This year’s Dallas Symphony Orchestra AT&T Gala came at the end of a week spent celebrating the 25th anniversary of the opening of the Morton H. Meyerson Symphony Center. It’s a stunning building on a mundane day, and on Saturday night—like the glamorous guests sipping cocktails and showing off couture at the gala event—the Meyerson’s expansive lobby was decked out and glowing.
Opulence and grandeur aside, it was the orchestra’s job to show off this hall’s best asset: its acoustics. Starting with Ravel’s shimmering Daphne and Chloe Suite No. 2, the DSO performed music that both whispered and boomed, drawing attention to the unique way in which this hall allows audiences to hear the quietest flutter of a harp with clarity as well as the rich, enveloping reverberations of bold brass and percussion.
Ravel’s Daphne and Chloe was a great choice to open this concert; it’s less about catchy tunes and more about textures and washes of color and sound that are mesmerizing when played with so precisely in such an acoustically vibrant space. Maestro Jaap van Zweden explored the fullest range of dynamic contrast in the piece and, with so many big, satisfying solo moments, DSO principal flutist Demarre McGill was the clear choice for M.V.P.
The centerpiece of the evening was a performance of Bruch’s Violin Concerto No. 1 with soloist Itzhak Perlman. The piece is a pretty standard choice for a gala concert – not too long or too complex and filled with beautiful, heart-string-tugging melodies. Perlman performed with his familiar warm, satisfying tone and charmingly engaging presence. The concerto sounded great in the hall and it probably also sounded great at Klyde Warren Park, where the concert was being simulcast in a more relaxed setting.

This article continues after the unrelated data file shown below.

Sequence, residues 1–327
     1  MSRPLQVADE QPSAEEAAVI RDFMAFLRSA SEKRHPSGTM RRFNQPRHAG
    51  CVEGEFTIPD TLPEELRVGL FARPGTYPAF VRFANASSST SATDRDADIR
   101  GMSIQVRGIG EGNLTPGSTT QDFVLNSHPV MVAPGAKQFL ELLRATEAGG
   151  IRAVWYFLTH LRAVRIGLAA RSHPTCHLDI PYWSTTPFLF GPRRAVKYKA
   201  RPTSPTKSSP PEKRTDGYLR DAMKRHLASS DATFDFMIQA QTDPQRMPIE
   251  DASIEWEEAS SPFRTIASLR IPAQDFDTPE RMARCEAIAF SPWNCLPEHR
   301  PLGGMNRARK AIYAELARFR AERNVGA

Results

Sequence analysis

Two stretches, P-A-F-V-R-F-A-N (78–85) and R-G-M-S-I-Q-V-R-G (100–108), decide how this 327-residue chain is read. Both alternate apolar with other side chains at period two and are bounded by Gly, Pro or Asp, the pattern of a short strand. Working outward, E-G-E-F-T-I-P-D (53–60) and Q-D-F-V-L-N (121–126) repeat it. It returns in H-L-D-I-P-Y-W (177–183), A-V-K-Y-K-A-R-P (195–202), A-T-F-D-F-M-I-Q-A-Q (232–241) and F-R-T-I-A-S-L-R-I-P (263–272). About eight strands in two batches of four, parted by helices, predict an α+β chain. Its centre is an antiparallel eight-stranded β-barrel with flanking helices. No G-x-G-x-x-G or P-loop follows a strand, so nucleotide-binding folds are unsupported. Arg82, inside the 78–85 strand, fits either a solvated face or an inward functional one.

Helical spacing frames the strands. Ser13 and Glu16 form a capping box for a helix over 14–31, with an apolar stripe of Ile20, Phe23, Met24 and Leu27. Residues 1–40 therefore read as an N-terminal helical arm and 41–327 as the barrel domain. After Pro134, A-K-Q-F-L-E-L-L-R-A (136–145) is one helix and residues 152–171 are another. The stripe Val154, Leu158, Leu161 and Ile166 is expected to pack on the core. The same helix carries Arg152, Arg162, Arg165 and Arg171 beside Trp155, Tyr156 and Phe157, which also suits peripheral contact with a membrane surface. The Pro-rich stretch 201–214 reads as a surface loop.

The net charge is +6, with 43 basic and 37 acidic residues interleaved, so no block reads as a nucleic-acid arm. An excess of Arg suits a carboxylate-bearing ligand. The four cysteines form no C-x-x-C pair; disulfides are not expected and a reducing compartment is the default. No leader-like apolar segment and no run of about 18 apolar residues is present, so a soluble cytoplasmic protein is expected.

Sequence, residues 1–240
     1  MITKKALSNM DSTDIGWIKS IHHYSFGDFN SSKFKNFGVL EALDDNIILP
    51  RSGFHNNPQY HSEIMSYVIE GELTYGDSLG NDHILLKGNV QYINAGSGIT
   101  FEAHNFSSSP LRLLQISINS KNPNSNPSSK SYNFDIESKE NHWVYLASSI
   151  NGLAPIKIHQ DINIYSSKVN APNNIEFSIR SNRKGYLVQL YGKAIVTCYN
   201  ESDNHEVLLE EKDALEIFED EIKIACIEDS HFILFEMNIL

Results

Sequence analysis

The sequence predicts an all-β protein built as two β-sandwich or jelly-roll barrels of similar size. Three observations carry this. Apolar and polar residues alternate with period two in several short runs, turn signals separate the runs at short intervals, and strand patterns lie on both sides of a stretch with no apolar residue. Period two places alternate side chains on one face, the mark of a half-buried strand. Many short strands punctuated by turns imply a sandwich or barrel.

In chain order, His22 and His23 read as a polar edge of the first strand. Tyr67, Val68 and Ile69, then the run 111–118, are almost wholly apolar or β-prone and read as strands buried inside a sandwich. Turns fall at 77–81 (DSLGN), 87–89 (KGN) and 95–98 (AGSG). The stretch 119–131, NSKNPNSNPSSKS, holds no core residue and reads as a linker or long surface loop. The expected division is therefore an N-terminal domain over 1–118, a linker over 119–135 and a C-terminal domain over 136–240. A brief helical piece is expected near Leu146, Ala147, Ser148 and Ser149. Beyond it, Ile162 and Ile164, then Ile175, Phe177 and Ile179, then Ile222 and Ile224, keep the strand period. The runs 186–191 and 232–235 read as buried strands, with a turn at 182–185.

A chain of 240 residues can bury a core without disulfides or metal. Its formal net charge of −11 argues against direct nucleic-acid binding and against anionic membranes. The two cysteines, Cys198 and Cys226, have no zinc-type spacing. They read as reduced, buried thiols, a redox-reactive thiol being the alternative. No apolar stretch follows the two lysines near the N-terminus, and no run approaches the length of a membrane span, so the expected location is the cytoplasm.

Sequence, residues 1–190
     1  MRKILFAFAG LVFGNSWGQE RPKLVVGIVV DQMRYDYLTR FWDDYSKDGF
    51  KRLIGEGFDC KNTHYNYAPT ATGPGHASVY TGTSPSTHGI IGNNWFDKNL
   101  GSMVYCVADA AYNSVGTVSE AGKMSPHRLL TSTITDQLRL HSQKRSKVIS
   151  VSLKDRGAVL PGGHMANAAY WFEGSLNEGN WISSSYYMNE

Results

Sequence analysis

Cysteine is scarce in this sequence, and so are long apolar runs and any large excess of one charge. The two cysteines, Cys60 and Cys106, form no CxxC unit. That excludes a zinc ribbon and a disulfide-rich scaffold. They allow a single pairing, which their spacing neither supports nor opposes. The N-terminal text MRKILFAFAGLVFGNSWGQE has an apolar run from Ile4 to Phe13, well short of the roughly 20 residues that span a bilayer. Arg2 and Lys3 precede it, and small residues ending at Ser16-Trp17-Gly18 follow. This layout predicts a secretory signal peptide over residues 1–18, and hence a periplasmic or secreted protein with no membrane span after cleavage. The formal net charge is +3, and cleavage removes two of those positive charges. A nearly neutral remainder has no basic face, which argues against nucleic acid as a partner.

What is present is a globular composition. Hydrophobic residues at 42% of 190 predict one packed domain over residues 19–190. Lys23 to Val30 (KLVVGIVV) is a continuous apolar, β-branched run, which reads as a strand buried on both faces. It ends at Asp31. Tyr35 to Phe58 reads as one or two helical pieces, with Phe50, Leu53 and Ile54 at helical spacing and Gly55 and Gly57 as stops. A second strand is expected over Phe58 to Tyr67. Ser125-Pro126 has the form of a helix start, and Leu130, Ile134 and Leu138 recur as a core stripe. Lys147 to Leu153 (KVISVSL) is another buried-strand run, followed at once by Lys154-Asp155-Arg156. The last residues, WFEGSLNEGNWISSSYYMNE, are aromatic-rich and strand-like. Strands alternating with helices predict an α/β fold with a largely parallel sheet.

Tchaikovsky’s Capriccio Italien was another selection that probably translated well via simulcast. It has all the catchiness you could wish for and, clocking in at around 15 minutes, is pretty accessible and entertaining. To me, the evening’s encore, a witty performance of waltz music by Richard Strauss (dedicated Saturday night to gala guest Ross Perot), made the bigger impression.
In years past, in the midst of all the dining, drinking and dancing surrounding it, the gala concert itself has felt a little out of place (perhaps too long or too predictable). Thanks to smart programming and exceptional performances, this year’s concert was exactly what it should be – the highlight of the gala event and a very clear reminder of why the Meyerson Symphony Center is a building worth celebrating.